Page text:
New Research Helps Starbucks Improve Ethical Coffee Sourcing

A worker in Chiapas, Mexico rakes coffee beans as part of the drying process. (© Cristina Mittermeier)

When it comes to reducing the environmental impact of a daily coffee habit, many people do their part by replacing disposable cups with reusable mugs. But did you know that your choice of coffee itself can have a positive social and environmental impact?

If you’ve seen CI’s Team Earth Chiapas story, you probably already know that Starbucks is one of our long-standing partners. We’ve collaborated on a variety of projects over the years, but developing Coffee and Farmer Equity (C.A.F.E.) Practices — Starbucks’ ethical sourcing guidelines that help the company purchase coffee that is responsibly grown and ethically traded — has been one of our greatest accomplishments together.

Today, 86 percent of Starbucks coffee is sourced through C.A.F.E. Practices, and you can find CI’s logo on the back of many of its coffee packages. The program is currently improving livelihoods on more than 100,000 farms in 20 countries.

When we set out to develop the program requirements for C.A.F.E. Practices eight years ago, Starbucks’ goal was to ensure that the coffee producers it purchased from were not only producing high-quality coffee, but were also being good stewards of the environment and maintaining quality of life for their families and employees. The program seeks to achieve this by supporting producers in meeting a set of environmental and social best practices. The company works with third-party organizations to conduct verifications and also provides financial and technical support to help producers meet certain requirements.

This month, CI and Starbucks will release our latest results assessment report (read the executive summary – PDF, 1.12 MB), which aimed to gain a better understanding of the program’s strengths and weaknesses, and what Starbucks can do to help producers adopt more of the program’s best practices over time. This is the second global report we have produced, in addition to field study reports from two sample regions: Guatemala and Colombia.

Coffee beans are thoroughly washed before being dried in the sun. (© CI/Photo by Miguel Angel de la Cueva)

While we are only beginning to identify program trends with three years of data analysis, here are a few key things we’ve learned about the program:

  • C.A.F.E. Practices is working. Comparing coffee producers participating in C.A.F.E. Practices to a group of producers that are not in the program allows for a quantitative assessment of C.A.F.E. Practices’ on-the-ground impacts. Through the Starbucks assessment, we found that although changing social and environmental conditions is a long-term process, there were significant differences between the participant and non-participant groups. We found that the sustainable practices encouraged by C.A.F.E. Practices are related to improved conditions on the ground. For example, nearly 100 percent of all farmers verified from 2008-2010 did not convert any natural forest area to agricultural production.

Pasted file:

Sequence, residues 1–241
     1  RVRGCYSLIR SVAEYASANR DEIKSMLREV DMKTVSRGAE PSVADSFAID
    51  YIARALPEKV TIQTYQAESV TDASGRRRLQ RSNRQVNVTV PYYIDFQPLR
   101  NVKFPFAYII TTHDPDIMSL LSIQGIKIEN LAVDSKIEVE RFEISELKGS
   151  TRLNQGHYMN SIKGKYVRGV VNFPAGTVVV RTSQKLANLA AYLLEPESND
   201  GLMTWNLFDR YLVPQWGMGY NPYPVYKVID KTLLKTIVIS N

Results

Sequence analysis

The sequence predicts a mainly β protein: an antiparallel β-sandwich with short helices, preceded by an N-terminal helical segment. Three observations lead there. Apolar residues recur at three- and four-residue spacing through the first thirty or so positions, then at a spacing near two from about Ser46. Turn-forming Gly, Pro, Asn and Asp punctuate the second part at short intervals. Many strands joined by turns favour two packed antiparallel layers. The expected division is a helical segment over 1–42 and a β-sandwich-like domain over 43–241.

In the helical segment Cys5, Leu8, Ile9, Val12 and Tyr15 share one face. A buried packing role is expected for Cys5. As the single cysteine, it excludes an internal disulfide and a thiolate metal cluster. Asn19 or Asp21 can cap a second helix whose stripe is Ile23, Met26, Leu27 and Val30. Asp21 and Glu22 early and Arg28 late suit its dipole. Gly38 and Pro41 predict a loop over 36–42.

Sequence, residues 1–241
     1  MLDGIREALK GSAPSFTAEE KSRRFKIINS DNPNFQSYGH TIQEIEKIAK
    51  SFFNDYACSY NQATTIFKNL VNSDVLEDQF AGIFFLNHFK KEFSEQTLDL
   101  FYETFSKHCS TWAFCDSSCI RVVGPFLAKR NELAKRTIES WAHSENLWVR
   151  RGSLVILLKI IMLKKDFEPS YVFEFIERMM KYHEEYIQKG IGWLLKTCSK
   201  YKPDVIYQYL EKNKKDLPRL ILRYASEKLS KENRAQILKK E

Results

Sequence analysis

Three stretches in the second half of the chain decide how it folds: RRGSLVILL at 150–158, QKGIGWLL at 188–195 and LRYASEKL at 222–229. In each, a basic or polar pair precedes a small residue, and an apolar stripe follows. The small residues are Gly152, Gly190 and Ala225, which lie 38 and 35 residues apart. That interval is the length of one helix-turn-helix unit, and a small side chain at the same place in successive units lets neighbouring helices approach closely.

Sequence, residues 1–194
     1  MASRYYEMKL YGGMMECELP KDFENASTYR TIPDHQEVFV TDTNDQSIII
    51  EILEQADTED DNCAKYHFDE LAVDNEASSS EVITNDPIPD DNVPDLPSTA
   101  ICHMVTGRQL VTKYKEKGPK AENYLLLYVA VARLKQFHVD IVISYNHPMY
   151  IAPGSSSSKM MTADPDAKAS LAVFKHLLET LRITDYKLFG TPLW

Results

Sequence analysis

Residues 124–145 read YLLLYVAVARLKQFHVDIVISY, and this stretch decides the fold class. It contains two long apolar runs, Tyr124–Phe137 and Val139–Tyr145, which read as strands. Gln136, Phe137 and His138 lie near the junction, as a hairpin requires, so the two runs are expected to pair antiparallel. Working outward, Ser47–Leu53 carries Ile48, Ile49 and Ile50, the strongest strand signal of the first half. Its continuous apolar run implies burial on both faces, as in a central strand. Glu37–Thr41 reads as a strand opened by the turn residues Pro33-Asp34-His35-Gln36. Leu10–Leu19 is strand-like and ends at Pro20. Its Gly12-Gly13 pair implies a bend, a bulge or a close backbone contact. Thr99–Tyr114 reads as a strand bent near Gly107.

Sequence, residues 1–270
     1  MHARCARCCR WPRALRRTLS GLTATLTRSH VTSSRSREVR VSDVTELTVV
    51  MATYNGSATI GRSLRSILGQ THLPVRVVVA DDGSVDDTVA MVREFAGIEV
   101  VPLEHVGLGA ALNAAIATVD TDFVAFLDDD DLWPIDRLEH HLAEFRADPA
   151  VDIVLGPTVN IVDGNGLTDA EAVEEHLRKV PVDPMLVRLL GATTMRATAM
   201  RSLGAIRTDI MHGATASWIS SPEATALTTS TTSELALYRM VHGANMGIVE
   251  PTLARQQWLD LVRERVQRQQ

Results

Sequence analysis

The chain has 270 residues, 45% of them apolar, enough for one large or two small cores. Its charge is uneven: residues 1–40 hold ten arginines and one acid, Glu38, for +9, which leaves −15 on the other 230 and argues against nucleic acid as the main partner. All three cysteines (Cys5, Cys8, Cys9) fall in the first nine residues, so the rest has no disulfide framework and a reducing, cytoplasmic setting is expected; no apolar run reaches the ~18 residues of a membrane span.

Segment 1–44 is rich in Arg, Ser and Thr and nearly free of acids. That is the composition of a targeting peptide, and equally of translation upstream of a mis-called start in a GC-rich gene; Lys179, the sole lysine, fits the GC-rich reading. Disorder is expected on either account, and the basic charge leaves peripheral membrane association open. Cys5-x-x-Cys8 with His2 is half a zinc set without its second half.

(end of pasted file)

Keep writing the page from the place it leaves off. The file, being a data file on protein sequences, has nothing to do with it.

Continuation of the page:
• There’s room for improvement. Asking program participants about ways in which they find the program valuable (or not valuable) provides the company information about how effective and efficient program management is, as well as ways in which the program could be improved. Many coffee producers that participated in our field surveys identified training, capacity-building and assistance as important factors in improving practices, and suggested specific areas where they could use more assistance. For example, small farmers could benefit from additional assistance in the adoption of cover crops and leguminous trees to maintain soil fertility over time. Starbucks will use this feedback to leverage its network of Farmer Support Centers to address these kinds of issues.
  • Some regions implement a greater number of best practices than others. Identifying areas with particularly high and low rates of C.A.F.E. Practices compliance — and which practices are particularly easy or difficult to implement in each region — allows program managers to focus their investments on assisting participants with particular challenges and away from areas that do not require much support. Exploring regional differences in data also allows Starbucks to tailor expectations and programming for specific coffee farming systems common to different cultures and geographies. For example, shade systems are less common in African countries such as Tanzania and Rwanda. These countries have lower performance against some shade management indicators compared to Latin American countries — such as Colombia and Guatemala — where shade systems are common in coffee growing landscapes.

Coffee workers bag coffee beans before loading them onto a truck. (© CI/Photo by Miguel Angel de la Cueva)

Very few supply chain verification and certification programs invest in monitoring. Starbucks, however, has found the monitoring process to be extremely valuable because it indicates that C.A.F.E. Practices has been worthwhile and is impacting farm management practices. Rather than assume certification programs are delivering the intended results, I hope to see more companies and ecolabels follow Starbucks’ lead by developing systems to monitor and improve their programs over time.

Elizabeth Baer is the senior manager of food and agriculture in CI’s Center for Environmental Leadership in Business (CELB). To learn more about the connections between coffee, conservation and climate change, check out our Team Earth Chiapas story.

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